In Canada and Scandinavia, it is common for people to attend formal parties with a special set of party shoes that are not worn outdoors. This is not really feasible in the UK. I doubt that many British folks have shoes that are never worn oudoors, unless they keep a pair of sneakers to go to the gym. And if those formal party shoes have high-heels, they are unacceptable anyway.

Some people say that party of a party is clearing up afterwards, so you should not make a fuss about mess from people's shoes. This seems a little silly to my mind. People will make more than enough mess at a party without them bringing in dirt on their shoes. There will be plenty of spilled wine and crumbs ground into the carpet without chewing gum and dog dirt from peoples' shoes as well. Also the main party season in the West is Christmas and New Year, when there will be plenty of rain and snow (maybe not snow in England, but plenty of rain). The party season is a wet season.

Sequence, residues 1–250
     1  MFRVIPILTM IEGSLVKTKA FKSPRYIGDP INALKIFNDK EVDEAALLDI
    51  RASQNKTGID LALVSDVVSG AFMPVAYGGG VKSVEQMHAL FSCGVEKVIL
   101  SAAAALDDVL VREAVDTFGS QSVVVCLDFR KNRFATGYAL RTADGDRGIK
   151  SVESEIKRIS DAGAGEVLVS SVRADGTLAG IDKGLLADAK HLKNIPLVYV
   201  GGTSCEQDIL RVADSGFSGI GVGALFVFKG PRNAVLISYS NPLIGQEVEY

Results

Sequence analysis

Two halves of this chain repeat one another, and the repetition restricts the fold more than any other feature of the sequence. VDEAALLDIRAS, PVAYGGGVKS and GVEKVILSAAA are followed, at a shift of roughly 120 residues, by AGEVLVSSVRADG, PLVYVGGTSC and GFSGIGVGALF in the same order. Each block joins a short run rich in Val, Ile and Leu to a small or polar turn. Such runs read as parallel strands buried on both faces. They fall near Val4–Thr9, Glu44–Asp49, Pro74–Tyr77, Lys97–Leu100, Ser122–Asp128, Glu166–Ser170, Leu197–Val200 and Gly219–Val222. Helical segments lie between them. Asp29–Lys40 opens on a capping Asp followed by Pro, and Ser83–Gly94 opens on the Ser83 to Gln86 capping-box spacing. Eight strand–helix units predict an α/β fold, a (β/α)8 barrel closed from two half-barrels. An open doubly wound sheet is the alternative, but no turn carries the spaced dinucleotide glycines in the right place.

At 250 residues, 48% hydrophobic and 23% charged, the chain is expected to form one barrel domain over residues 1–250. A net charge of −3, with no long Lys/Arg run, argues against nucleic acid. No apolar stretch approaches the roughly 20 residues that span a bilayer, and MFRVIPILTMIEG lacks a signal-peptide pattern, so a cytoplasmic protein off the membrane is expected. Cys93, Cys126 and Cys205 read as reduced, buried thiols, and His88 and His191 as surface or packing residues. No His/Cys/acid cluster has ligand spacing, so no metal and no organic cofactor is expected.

Some argue that people will feel silly and uncomfortable at a party without their shoes. It is true that people might find it a little odd. But they will probably feel more comfortable for having removed their shoes. If it is made clear in the invitation that shoes willl need to be removed, then it will not come as a shock. Furthermore, if there is alcohol at the party, then most people will be feeling more relaxed.

The main argument levelled against shoes-off at parties is that people dress up for parties. A lot of people, particularly women, will chose their outfits very carefully and they the choice of shoes is part of that selction. For them, a party is an occasion to show off their good taste. They would not want to combine their cocktail dresses with barefeet.